The Ministry of National Defense’s proposed amendments to the General Mobilization Act (全民防衛動員準備法) has drawn heavy criticism from the Chinese Nationalist Party (KMT).
One of the major controversies is centered around the oversight of media: The amendments include clauses stipulating that local governments, as well as news and media organizations, must abide by central government controls on all information networks during wartime.
The ministry has also asked the Ministry of Education to provide the All-Out Defense Mobilization Agency with a list of all students aged 16 and older, so the agency would know how many people it could mobilize if war were to break out.
However, pro-KMT media and party members branded the revision a draft “digital intermediary service act (數位中介服務法) 2.0,” a “crackdown on freedom of speech” and a potential precursor to the “return to martial law.”
Parents expressed concern that 16-year-olds would be mobilized to manufacture ammunition or even forced to fight, while KMT Chairman Eric Chu (朱立倫) said that his party would not let the “malevolent” bill clear the legislative floor.
As cross-strait tensions continue to rise, the amendment can be seen as Taiwan heeding a lesson from the Russian invasion of Ukraine, and taking steps to boost its asymmetric warfare capabilities.
The KMT is misrepresenting the draft as a government effort to influence the media and send teenage boys to war.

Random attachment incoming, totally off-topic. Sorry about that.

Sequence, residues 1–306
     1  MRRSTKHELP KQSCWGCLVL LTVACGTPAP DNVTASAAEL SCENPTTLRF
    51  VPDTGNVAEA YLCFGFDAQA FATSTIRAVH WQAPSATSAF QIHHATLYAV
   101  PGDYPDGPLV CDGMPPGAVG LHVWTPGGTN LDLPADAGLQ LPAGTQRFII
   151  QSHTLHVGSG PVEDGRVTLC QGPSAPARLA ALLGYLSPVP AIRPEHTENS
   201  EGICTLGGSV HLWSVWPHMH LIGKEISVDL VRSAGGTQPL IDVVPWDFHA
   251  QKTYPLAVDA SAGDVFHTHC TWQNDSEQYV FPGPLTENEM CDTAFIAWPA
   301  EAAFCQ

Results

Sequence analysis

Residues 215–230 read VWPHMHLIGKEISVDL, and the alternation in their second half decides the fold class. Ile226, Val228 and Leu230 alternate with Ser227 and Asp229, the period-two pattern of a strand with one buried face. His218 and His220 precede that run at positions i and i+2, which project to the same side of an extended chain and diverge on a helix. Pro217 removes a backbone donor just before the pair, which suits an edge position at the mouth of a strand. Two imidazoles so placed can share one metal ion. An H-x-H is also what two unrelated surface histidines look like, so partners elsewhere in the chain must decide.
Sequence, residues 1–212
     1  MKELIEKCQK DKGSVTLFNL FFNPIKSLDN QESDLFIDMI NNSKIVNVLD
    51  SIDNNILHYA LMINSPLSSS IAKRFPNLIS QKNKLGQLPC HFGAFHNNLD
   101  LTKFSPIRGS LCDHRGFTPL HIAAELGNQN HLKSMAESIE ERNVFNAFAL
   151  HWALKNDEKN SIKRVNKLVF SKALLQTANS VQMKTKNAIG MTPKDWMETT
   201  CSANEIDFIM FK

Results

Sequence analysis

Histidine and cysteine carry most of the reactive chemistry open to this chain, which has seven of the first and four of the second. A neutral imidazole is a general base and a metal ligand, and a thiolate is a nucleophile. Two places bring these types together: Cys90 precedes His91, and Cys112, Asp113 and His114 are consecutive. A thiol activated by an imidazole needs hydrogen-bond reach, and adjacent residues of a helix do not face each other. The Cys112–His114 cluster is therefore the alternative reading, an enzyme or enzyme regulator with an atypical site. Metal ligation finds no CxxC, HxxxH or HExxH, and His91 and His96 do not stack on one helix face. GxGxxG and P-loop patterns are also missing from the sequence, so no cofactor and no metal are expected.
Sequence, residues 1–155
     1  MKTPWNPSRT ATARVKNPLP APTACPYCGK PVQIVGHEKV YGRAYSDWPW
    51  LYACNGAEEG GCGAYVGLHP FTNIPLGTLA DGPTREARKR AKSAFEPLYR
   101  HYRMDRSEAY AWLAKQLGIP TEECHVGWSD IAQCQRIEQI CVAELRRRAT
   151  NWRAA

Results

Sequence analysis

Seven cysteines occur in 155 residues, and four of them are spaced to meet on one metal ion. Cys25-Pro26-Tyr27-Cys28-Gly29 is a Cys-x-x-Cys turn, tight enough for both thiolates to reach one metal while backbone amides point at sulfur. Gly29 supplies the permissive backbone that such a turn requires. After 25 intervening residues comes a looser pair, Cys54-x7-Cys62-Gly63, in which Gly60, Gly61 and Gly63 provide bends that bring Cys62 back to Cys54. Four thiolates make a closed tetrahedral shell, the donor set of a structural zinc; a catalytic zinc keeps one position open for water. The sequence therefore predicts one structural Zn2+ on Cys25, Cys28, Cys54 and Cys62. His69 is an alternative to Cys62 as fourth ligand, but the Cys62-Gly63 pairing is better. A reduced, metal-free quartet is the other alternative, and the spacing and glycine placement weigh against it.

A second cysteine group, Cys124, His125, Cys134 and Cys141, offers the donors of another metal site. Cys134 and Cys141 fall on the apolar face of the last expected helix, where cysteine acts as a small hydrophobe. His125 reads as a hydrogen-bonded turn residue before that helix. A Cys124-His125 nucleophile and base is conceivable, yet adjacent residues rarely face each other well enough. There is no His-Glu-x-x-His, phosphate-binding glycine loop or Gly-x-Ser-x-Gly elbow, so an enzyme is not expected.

As Article 2 of the act already stipulates, the clauses in question would only be implemented in “the time period of assembling reserve forces for active duty in times of war, or the coming of national emergency, the president may promulgate emergency decrees in accordance with the Constitution to enforce overall or partial mobilization.”
This means that the clause would only come to effect during wartime, and only when the president gave the order. Freedom of the press is otherwise protected by the Constitution.
The Russo-Ukraine war has shown why media should be controlled during wartime. Fabricated videos showing Ukrainian forces surrendering circulated online, while Russian military equipment was bombed after news photographs exposed their locations. Media should only be allowed “relative freedom,” as opposed to “absolute freedom,” during war to avoid mistakes or deter collusion with enemy forces.
The Civil Defense Act (民防法) stipulates that high schools must compile name lists and organize civil defense regiments to assist with tasks such as caring for the wounded and firefighting. The amendment only reinforces the existing law and facilitates necessary training during peacetime.
Without related knowledge or expertise, it is impossible for anyone to manufacture ammunition, let alone 16-year-olds.
As the saying goes, “if you want peace, prepare for war.” It is crucial that Taiwan makes necessary preparations to defend against China’s growing aggression. As a party with a history of implementing 38 years of martial law, the KMT has no right to lecture on freedom of speech or mobilization of students. Distorting the proposal spreads fear among the public and makes it easier for China to invade. It is up to the public to defend the nation, and if a war does break out, even 16-year-olds cannot be shielded from an attack.
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